Ruckus Wireless Review

Reliable with good performance, good backend, and good ability to provision the devices

What is our primary use case?

We started rolling out Ruckus access points about eight years ago, but it was a very small deployment. We only had about 15 or 20 devices, and later on, we did a bond measure upgrade to basically go and expand that to having one per classroom and a few in the common areas such as cafeteria, gyms, and stuff like that. The idea was that we were going to put on-premises one-to-one, which is like putting a Chrome cart of 35 devices in each classroom. We wanted to be able to have the ability to have high-density wireless in the school district and up to possibly 80 devices per room because we were thinking of BYOD and devices that we already have. Generally, it was to be used for just normal day-to-day access to the network and internet.

We now have about 350 WAPs. Half of them have been installed over three years, and the other half are probably installed just under three years. We did a switch refresh in 2015, and we went with Brocade to replace our aging Cisco equipment, which was probably 20 years old. So, that's what we have right now. 

We are basically using the latest version of SmartZone. We are up to date on that. Unfortunately, about 98 of our wireless access points are now considered end-of-service. They don't support the newer boot code, so we had to create a separate zone. They are on a kind of legacy firmware that is probably about five or six versions back. Our other zone has the latest AP firmware. They basically have separate firmware. They are basically doing a firmware for the controller and then a firmware for the APs. You could even elect to have different firmwares per AP.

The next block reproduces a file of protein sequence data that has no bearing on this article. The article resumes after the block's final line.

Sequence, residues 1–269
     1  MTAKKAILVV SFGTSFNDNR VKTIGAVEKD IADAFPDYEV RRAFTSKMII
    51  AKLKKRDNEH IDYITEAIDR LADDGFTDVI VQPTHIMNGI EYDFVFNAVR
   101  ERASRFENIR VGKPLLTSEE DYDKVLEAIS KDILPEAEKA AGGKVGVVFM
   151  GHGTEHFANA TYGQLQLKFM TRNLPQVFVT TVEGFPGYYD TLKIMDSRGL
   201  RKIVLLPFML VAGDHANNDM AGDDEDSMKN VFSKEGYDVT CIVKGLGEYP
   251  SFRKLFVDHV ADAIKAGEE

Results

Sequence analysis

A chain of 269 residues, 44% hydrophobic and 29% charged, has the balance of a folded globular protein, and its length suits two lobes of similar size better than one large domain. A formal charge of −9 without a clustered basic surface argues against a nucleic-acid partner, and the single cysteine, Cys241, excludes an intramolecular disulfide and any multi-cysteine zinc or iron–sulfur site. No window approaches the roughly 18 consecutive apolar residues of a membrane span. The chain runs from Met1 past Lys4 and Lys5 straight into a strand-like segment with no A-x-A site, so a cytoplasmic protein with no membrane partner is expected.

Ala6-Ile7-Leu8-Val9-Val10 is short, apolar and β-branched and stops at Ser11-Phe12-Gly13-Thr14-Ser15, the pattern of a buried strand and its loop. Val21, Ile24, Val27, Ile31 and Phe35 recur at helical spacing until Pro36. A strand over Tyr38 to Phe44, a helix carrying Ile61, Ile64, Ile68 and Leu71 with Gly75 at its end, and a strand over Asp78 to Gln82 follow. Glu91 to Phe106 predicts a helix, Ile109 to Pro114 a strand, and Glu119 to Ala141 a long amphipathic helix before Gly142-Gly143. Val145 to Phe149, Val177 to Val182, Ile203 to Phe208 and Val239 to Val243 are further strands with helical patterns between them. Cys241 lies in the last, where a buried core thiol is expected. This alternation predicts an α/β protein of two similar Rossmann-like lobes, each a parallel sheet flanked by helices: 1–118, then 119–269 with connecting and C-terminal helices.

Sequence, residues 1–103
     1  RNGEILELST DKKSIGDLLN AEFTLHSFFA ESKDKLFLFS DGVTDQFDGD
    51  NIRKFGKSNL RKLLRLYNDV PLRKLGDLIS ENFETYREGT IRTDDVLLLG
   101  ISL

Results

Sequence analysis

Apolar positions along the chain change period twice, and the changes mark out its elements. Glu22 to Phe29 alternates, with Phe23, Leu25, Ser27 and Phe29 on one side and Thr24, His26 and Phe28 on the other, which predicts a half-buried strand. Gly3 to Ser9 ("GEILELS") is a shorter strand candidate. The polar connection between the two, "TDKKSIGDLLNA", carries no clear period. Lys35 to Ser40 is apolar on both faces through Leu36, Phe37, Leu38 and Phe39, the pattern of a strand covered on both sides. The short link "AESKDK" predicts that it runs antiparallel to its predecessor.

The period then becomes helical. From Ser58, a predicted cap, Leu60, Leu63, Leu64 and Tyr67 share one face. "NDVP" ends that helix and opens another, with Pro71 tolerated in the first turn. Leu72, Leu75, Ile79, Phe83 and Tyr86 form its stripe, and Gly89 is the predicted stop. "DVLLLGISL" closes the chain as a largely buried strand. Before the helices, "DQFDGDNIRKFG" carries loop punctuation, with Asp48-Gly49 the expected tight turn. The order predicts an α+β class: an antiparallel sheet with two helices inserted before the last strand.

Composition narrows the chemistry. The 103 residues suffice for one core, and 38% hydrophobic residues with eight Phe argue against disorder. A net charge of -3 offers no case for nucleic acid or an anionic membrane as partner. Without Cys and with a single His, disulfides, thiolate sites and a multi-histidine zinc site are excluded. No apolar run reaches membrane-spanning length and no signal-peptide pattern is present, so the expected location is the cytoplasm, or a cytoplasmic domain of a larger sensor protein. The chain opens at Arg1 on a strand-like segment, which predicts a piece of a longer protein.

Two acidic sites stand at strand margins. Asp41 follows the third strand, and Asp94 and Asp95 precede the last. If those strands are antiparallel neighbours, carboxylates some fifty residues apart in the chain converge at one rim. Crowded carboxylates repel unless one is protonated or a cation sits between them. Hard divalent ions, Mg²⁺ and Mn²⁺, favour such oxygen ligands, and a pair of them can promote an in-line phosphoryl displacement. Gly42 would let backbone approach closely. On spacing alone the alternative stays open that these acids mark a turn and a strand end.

What is most valuable?

The APs themselves have been pretty solid. We haven't had too many of them go bad or anything like that. The wireless performance seems pretty good.

The ability to provision the devices is pretty good, and the back end is also pretty good.

What needs improvement?

Their support has been lacking a little bit and needs to be improved. I have had a ticket open for a month, and it is really hard to get a resolution out of them.

They haven't really come out with anything that is much of an improvement in a long time. It has mostly just been fixes and things like that. We used to have a ZoneDirector or a physical controller for the wireless network, and that was kind of end of life. It was very old, and at the time, we were expanding the wireless network, and we didn't want to rely on one piece of hardware that was pretty old. So, we went to SmartZone Cluster, which has two VMs in a cluster. Unfortunately, we lost the feature ability for guest networks and other things that we were using before, and Ruckus just kind of told us that they weren't supporting that feature in the newer product, which is not really great. I was told initially that SmartZone was an upgrade to ZoneDirector. It is the logical thing to think that it is going to have all the same features, but it didn't. 

The issue that we have right now is onboarding BYOD devices. It is not really great for us, and we're looking for a new product to make that easier. We did have Cloudpath, which was a product that Ruckus purchased from another company that was an onboarding solution, but it just didn't really work very well for us. So, we discontinued using it, and it actually created more confusion for people. They should make BYOD or guest network portals a lot easier and better.